The Watchers

The Watchers

Sunday, 5 February 2012

Review: Young Adult (UK cert 15)

Juno is a real Marmite film: you either love it or hate it. I think it’s going to be a similar case with Young Adult. Writer Diablo Cody and director Jason Reitman re-team to tell a tale of a divorced writer of young adult fiction (Charlize Theron) who comes back to her home town in Minnesota with the express intention of winning back her old high-school flame, Buddy (Patrick Wilson). Only problem is, Buddy is happily married and his wife has just had a baby… but that’s not going to stop Mavis.

There’s no two ways about it: Mavis Gary is a total bitch. An arrested adolescent pouting and flouncing her way through life, with a self-absorbed and utterly selfish world view which (quite frankly) borders on the sociopathic at times. Despite a last-ditch attempt to soften the jagged edges with a big reveal of some painful secrets, Mavis remains fundamentally unlikeable throughout. So it’s kudos to Charlize Theron who takes the role of Mavis with both hands and inhabits it fully. It is the script that decides to humanise Mavis, not Theron. Lesser actors may try and find a way to mitigate or tone down Mavis’ utterly demented scheming. But not Theron. It’s a performance full of bile and fire and one of the most impressive I’ve seen on film so far this year.

Also great is Patton Oswalt (probably best known for voicing Remy the rat in Ratatouille) as a crippled former classmate of Mavis. A self-confessed ‘fat geek’ who was attacked by a bunch of jocks in high school and left with shattered legs (all for being gay, which he isn’t), he bizarrely ends up as confidante and moral compass for Mavis. It’s a wonderfully observed turn and he and Theron work well together. Patrick Wilson is a little bland but nonetheless likeable as the object of Mavis’ affection and delivers a devastating put-down towards the end during the big showdown scene.  Elizabeth Reaser is similarly good as Buddy’s wife Beth.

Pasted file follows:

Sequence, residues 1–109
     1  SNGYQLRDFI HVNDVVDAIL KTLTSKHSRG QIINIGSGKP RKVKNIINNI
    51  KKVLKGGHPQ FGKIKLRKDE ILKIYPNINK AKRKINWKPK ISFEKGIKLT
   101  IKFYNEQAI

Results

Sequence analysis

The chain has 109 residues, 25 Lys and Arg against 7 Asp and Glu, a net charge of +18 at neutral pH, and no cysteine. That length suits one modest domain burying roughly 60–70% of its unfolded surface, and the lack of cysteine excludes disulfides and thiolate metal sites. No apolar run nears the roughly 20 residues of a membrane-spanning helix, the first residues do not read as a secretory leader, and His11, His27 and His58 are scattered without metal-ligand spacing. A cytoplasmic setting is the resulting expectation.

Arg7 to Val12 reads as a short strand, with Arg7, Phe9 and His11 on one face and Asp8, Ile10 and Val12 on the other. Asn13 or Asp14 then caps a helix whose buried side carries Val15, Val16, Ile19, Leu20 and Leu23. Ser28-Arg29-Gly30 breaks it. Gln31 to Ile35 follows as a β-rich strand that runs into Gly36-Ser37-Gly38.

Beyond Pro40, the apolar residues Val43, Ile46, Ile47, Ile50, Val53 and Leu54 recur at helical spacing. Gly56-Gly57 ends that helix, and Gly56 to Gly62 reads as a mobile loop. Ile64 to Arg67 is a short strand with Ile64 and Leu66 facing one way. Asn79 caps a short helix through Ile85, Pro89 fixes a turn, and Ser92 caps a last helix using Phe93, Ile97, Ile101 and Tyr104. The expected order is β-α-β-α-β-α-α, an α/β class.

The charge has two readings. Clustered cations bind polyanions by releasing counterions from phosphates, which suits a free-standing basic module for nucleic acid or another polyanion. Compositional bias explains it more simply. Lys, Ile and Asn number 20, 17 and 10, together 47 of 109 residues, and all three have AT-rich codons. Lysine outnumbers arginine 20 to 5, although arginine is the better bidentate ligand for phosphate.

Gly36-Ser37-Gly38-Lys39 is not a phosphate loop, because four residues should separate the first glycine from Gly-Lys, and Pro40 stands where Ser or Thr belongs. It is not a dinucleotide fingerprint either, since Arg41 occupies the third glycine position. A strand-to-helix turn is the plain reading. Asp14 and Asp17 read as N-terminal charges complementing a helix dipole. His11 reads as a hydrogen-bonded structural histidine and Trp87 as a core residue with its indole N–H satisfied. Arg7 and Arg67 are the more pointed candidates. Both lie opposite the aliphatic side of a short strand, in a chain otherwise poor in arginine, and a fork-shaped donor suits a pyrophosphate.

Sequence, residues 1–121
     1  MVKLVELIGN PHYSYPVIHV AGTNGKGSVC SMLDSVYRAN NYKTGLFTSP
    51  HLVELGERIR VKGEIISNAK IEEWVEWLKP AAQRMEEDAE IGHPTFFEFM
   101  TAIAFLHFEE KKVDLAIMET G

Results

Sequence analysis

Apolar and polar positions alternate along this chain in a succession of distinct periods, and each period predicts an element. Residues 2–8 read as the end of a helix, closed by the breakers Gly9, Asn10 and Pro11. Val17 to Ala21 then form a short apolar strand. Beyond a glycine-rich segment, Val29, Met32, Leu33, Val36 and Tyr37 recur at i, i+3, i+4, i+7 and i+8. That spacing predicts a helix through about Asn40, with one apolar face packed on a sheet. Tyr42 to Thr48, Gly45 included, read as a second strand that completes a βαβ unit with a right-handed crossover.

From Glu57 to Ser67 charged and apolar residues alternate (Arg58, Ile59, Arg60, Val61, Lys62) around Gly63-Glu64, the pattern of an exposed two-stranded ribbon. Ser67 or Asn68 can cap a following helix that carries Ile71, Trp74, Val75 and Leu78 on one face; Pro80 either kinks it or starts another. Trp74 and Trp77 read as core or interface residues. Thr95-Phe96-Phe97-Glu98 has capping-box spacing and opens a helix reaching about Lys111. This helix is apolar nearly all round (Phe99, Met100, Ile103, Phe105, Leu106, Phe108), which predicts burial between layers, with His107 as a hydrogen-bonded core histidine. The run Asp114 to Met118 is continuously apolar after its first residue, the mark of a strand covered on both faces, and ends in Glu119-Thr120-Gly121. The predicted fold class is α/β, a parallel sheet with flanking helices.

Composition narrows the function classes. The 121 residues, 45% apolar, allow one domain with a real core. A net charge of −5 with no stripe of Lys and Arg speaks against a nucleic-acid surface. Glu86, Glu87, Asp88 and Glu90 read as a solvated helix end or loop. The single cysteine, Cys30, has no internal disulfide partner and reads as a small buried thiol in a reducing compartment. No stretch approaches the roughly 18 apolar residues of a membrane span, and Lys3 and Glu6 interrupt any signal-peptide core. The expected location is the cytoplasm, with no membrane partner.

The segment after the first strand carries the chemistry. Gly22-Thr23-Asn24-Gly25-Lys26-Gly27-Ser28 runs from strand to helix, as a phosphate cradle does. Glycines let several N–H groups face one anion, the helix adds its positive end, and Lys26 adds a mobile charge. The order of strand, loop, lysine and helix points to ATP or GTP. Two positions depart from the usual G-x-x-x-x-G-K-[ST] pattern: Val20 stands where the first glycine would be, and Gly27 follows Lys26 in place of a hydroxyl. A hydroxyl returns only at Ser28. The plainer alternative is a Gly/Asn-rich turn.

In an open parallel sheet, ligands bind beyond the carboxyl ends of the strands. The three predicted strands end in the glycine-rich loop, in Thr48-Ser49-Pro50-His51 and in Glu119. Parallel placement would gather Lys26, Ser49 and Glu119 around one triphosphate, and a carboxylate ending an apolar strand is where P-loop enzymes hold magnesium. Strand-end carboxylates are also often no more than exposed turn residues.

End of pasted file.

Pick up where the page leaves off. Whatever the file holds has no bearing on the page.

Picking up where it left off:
I had several issues with Juno, mostly surrounding the script. I felt it was trying very hard to be ‘cool’ and ‘quirky’ which ended up being incredibly grating after a while. So it’s good to see that the catchphrasy nature of Juno isn’t present in Young Adult. It’s a much more mature script by Diablo Cody (ironic, considering Mavis arguably acts more like a teenager than Juno McGuff did) and it’s nice to see the excesses toned down.

The humour is a little dark in places and Mavis’ truly selfish behaviour may not appeal to everyone, but there are stellar turns from Theron and Oswalt and a rocking soundtrack (from Teenage Fanclub and 4 Non Blondes amongst others). 

Rating: 3 out of 5


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